Water grab sampling was performed every 2 weeks at the outlet of Bernadouze peatland and every two months at the outlet of Ech. Piezometer wells were used to sample peat porewater on four occasions (2013, 2014, 2015, 2018) in Bernadouze and on two occasions (2017, 2019) in Ech during stream baseflow periods. Water grab samples were collected using a manual peristaltic pump and were directly filtered on-site using 0.22 µm cellulose acetate filters (GSWP04700, Merck Millipore, USA). To avoid contamination from cellulose, the first milliliters of filtered water were discarded. Water samples were brought back to the laboratory in a cool box and were stored at 6 C until analysis. High-resolution water sampling was performed during 9 flood events at the outlet of Bernadouze and once at Ech using automatic water samplers (ISCO 3700, USA) to collect water during various hydrological conditions. Each sampling event consisted in collecting 24 samples of raw water (950 mL) at a frequency defined thanks to the observed time lag of discharge (1 h for rainfall and 4 h for snowmelt-driven flood events). Floodwater samples were collected within the 48 h following the previous sampling and processed as water grab samples at the laboratory.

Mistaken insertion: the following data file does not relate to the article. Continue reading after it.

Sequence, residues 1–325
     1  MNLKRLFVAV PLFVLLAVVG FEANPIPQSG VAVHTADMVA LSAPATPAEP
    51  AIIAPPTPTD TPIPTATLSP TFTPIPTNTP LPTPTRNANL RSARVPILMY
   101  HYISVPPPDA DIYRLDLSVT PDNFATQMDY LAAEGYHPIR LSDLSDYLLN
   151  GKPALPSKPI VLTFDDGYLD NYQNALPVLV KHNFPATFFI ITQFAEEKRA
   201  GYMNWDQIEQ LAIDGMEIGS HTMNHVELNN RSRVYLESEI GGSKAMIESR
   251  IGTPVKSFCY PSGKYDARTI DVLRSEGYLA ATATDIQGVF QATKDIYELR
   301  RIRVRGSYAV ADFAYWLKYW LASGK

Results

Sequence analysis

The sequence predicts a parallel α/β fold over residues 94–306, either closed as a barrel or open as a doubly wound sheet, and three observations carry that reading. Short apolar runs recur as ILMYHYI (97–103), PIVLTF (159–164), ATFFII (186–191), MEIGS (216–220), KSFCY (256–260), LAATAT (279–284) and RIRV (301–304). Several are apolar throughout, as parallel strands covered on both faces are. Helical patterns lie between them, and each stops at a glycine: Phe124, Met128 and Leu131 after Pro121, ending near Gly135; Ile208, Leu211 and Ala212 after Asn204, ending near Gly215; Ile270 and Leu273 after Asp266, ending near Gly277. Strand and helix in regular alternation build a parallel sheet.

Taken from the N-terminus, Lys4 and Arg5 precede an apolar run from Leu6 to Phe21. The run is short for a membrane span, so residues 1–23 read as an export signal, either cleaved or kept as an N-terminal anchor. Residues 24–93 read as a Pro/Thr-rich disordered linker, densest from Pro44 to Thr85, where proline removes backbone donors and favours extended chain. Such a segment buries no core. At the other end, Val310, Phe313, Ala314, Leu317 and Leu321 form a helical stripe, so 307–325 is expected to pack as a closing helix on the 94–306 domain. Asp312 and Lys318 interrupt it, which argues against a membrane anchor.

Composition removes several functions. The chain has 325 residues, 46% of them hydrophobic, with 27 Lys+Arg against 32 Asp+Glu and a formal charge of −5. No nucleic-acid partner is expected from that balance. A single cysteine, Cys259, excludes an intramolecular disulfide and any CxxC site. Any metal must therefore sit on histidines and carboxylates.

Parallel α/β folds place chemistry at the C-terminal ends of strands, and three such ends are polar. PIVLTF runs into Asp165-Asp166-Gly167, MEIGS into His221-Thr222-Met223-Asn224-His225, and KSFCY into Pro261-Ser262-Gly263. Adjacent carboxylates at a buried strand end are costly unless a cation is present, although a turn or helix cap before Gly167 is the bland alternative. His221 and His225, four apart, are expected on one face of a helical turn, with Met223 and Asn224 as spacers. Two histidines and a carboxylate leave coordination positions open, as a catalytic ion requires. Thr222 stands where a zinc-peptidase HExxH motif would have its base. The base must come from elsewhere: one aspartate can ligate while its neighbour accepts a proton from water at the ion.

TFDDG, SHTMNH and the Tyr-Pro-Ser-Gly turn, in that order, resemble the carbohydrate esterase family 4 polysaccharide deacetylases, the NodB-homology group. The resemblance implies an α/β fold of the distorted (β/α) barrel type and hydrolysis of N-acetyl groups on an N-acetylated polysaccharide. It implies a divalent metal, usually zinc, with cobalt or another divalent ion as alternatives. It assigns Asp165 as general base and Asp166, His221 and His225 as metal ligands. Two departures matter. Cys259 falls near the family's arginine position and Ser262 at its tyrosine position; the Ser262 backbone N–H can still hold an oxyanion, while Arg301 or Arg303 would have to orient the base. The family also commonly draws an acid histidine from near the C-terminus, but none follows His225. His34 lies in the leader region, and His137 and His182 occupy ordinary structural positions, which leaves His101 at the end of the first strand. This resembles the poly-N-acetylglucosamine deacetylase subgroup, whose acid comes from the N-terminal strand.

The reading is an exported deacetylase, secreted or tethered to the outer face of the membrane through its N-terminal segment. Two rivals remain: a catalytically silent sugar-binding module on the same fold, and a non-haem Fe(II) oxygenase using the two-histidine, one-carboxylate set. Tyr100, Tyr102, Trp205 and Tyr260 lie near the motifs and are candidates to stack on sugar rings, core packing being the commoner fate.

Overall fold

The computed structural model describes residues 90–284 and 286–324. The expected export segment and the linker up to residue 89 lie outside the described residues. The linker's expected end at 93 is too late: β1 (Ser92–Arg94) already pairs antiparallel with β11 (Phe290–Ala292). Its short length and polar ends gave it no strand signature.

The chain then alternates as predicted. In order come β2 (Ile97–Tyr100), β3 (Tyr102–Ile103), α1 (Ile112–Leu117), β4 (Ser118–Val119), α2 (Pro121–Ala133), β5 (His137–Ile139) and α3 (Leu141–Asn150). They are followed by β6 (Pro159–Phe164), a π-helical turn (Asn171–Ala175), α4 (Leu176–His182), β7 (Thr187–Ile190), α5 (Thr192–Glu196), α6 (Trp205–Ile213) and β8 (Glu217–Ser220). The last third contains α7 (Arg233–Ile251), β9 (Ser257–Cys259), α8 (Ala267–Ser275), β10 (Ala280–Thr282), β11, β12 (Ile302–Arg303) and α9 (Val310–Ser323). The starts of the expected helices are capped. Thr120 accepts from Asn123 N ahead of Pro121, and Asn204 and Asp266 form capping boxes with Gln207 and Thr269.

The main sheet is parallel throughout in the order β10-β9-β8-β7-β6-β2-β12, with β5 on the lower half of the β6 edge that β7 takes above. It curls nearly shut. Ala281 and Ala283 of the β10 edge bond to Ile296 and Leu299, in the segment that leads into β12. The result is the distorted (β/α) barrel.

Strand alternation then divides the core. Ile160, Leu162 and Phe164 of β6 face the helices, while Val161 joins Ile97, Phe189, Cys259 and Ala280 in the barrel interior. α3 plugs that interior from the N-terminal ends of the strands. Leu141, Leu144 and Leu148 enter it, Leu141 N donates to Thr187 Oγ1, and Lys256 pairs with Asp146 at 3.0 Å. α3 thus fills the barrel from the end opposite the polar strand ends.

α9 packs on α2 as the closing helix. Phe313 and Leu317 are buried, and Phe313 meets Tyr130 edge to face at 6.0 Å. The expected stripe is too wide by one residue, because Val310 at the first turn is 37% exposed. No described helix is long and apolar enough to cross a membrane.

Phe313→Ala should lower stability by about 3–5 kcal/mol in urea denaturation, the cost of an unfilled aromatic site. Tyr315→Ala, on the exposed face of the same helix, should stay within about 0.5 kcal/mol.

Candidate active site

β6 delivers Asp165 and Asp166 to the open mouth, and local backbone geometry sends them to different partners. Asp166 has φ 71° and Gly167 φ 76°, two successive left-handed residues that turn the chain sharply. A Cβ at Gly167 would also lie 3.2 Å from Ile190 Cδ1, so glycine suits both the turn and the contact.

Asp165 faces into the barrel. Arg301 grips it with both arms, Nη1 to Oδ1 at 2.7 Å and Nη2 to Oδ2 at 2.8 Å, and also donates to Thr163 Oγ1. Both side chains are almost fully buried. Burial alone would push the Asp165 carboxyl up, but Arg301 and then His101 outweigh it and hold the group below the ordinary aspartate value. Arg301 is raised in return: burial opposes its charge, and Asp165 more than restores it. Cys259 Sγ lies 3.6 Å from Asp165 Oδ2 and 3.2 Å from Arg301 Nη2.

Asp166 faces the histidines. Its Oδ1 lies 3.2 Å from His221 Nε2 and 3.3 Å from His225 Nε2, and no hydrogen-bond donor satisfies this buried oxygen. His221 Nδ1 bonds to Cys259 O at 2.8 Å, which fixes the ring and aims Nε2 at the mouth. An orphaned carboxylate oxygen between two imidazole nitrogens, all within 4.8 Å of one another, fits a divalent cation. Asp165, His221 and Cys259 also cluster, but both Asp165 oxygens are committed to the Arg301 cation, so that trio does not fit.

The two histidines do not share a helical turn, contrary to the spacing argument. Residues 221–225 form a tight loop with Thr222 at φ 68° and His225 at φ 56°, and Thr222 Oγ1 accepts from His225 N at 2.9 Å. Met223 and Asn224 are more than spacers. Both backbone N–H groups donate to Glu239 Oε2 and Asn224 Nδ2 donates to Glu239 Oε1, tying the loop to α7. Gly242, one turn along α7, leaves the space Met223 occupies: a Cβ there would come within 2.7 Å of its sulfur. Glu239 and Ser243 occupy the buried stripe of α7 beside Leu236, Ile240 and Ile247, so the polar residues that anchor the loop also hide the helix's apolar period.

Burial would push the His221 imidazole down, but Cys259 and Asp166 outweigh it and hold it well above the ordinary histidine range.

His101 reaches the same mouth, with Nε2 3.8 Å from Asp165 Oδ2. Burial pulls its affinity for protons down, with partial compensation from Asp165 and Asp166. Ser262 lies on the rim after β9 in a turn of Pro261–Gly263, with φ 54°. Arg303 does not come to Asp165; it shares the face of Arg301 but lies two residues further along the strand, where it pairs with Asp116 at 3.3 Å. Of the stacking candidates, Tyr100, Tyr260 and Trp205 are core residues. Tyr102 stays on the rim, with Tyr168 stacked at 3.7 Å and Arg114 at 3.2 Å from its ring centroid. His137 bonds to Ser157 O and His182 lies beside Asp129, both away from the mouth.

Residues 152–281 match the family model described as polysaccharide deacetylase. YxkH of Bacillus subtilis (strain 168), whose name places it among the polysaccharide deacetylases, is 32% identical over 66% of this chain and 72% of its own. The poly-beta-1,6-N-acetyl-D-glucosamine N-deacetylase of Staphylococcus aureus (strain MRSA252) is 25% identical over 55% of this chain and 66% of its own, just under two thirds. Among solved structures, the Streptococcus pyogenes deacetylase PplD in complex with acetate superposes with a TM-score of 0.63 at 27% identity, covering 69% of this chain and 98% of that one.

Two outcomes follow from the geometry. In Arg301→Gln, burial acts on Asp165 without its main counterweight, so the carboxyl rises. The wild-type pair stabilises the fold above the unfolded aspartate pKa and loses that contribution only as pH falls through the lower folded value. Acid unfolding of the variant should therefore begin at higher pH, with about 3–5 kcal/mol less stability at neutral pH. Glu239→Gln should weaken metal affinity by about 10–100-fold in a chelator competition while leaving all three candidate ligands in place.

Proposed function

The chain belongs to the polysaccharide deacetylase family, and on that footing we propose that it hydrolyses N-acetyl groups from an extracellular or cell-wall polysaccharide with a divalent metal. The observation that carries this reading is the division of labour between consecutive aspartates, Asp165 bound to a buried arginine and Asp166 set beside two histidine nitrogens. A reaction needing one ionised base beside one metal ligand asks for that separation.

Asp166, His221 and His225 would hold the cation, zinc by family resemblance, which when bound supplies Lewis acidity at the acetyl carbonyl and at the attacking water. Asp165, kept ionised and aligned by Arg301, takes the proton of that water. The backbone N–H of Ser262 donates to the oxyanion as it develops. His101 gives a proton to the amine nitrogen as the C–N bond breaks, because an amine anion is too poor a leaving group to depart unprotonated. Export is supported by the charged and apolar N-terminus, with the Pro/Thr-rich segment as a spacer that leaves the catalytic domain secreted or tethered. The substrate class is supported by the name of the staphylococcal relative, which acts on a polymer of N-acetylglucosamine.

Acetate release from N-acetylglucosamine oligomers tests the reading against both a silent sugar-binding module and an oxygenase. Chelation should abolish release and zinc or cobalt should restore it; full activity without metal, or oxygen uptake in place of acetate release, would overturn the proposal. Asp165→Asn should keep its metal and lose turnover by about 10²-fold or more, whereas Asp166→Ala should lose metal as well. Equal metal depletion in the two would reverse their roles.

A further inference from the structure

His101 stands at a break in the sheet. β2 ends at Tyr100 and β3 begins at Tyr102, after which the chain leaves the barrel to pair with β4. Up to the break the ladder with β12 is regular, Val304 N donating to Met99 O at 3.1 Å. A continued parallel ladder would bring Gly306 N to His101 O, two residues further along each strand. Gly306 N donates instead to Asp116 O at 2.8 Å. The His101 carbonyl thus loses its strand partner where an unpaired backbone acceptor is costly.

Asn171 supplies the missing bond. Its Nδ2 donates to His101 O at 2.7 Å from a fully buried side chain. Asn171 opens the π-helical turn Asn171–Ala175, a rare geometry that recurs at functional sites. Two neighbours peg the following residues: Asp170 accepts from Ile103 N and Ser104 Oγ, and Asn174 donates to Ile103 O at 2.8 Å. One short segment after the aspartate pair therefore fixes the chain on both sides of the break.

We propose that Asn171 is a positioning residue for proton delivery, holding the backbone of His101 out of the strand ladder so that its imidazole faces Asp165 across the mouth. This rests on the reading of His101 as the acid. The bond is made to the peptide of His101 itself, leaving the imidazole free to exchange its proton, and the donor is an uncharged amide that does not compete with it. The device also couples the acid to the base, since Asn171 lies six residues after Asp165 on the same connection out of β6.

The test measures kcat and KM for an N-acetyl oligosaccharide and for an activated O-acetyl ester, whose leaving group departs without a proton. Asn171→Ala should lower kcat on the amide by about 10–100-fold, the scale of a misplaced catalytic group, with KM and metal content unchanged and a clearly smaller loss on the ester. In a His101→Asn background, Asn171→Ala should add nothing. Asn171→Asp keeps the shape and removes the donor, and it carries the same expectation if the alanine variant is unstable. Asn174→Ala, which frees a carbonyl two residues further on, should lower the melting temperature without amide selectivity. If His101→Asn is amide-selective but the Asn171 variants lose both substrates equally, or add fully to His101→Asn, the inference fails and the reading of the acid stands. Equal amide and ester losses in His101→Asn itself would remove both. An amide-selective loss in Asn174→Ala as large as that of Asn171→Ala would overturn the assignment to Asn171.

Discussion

For all samples (grab and flood samples), nonpurgeable organic carbon (NPOC, referred to hereafter as DOC) concentration was analyzed in filtered samples after acidification to pH 2 with a TOC-5000A analyzer (Shimadzu, Japan). The quantification limit was 1 mg L−1. Above this value, the analytical uncertainty was estimated at ±0.1 mg L−1. Reference material included ION-915 ([DOC]=1.37±0.41 mg C L−1) and ION 96.4 ([DOC]=4.64±0.70 mg C L−1) (Environment and Climate Change Canada, Canada).